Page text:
So there are the scientific challenges and that is not my area of expertise. The ethical challenges are really profound and I want to spend time thinking about that. Human beings have not made something from nothing. To create a new living organism, to create life out of chemical parts, is an extraordinary leap in human imagination and human power. And that kind of power is non-precedented, because we have made different sorts of moves towards the power and mastery of the universe before, but this is a very different sort of path. This is saying that we could create life, create cellular life – perhaps, going down that road means putting cells together, having them work together, having them differentiate, having them forming organisms… And that power has never been in our hands before. So creating life, not in the usual way that human beings create life, is a startling new idea. And is it startling enough to keep us from doing it? I do not think so, but I think that we have to do it with a great care, with the attention to dynamics of power that it would represent. There is also a theological challenge, because, of course, it is God who creates life and who begins the universe and is known as a Creator – God. So that threading on that territory really changes the relationships to God, to God and gods, and to what it is intended to be, what we are intended to act in world, how we are as humans, so something fundamental about our nature is our fragility, our powerlessness, our limits, and if we take all of that away suddenly with this technology, you are asking the humanity to rethink itself in a profound way and that’s one of the projects that will have to be studied as the larger scientific project goes ahead. If this is successful, one of the other challenges will be the control: who will control the synthetic cells? Is it a for-profit enterprise? How do you make sure that the social goods created by the science are fairly distributed? What system of justice you use to do that? That’s a challenge for genetics in general and synthetic biology just cannot escape the challenge. Finally, people worry about the use of this power for evil, about the capacity to do use it as weaponry, and as a social harm, with such power and such mastery it has. So that has to be – either from scientists themselves or the DIY community itself – ways to regulate it, to make sure that, in fact, the ends and goals of science are the ends and goals that are assets to human beings and to the planet, not ones to be disruptive. And if they cannot be developed internally, there has to be thought about how states, governments, the social groupings then would define these parameters and norms. But someone needs to pay some attention to that. There is nothing ethically impermissible about this project, but there are some things that are certainly ethically challenging.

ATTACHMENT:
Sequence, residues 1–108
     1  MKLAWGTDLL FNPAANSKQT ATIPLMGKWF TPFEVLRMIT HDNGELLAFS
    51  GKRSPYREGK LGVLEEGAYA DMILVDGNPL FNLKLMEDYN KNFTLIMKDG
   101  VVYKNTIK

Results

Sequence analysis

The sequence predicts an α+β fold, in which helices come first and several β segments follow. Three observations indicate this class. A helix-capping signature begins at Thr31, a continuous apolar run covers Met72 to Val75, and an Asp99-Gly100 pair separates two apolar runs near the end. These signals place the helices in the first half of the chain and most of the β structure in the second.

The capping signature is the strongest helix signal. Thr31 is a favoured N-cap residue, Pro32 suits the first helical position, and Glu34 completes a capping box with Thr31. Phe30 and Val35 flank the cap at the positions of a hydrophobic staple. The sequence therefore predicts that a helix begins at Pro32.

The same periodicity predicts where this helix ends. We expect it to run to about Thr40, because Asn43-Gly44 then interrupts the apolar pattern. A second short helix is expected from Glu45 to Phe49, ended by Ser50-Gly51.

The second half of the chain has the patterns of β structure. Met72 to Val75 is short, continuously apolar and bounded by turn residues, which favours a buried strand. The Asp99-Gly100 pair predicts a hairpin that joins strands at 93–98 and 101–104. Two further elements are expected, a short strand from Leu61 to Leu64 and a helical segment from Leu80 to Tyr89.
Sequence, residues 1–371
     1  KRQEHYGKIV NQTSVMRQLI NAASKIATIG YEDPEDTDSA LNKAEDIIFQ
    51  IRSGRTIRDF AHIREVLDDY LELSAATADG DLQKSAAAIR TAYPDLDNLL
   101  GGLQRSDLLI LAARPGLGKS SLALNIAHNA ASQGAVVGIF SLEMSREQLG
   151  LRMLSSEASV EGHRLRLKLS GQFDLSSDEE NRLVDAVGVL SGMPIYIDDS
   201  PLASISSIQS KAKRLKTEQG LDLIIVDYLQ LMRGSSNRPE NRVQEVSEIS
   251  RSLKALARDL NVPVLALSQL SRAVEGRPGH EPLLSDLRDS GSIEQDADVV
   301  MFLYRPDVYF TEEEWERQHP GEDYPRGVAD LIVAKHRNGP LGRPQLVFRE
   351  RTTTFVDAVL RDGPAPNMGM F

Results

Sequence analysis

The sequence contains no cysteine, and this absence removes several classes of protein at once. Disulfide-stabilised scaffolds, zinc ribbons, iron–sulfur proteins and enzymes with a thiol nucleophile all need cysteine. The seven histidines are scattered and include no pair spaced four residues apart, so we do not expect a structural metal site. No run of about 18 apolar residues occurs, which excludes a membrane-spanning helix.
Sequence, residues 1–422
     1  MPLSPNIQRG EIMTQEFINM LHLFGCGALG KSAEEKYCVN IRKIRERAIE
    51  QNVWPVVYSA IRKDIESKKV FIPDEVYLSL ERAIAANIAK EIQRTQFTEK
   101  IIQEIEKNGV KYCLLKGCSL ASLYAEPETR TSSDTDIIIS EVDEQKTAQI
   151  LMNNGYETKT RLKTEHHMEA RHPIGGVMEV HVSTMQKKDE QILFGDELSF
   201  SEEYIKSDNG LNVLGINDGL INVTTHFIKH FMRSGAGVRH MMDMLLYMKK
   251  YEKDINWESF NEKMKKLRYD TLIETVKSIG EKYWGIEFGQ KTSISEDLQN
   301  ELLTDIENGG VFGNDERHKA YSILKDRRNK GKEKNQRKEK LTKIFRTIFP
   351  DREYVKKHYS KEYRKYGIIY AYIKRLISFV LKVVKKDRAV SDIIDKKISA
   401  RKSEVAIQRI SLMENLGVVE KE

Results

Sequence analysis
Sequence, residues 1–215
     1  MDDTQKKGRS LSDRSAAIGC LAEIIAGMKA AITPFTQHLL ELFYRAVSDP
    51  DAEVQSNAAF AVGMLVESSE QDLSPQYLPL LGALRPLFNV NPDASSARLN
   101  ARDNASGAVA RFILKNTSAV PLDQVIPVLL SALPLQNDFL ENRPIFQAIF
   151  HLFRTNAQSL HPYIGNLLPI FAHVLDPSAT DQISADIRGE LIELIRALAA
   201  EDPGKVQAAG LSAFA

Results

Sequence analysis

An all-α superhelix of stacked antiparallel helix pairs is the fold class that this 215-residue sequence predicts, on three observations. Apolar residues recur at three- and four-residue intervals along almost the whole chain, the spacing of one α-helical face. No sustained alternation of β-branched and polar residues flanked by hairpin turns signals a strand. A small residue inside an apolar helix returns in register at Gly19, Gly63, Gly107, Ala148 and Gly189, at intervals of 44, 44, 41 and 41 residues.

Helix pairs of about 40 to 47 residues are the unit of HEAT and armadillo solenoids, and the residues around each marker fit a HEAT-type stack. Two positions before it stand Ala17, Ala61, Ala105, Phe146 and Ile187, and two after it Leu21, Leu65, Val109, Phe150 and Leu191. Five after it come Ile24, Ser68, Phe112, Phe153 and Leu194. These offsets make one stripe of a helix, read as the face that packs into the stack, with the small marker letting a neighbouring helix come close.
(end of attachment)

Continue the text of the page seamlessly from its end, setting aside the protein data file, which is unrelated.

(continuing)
How would you respond to people who might not be scientists and would be afraid of what we are doing and where the project of building a synthetic cell can take us, especially in relation to the religious beliefs?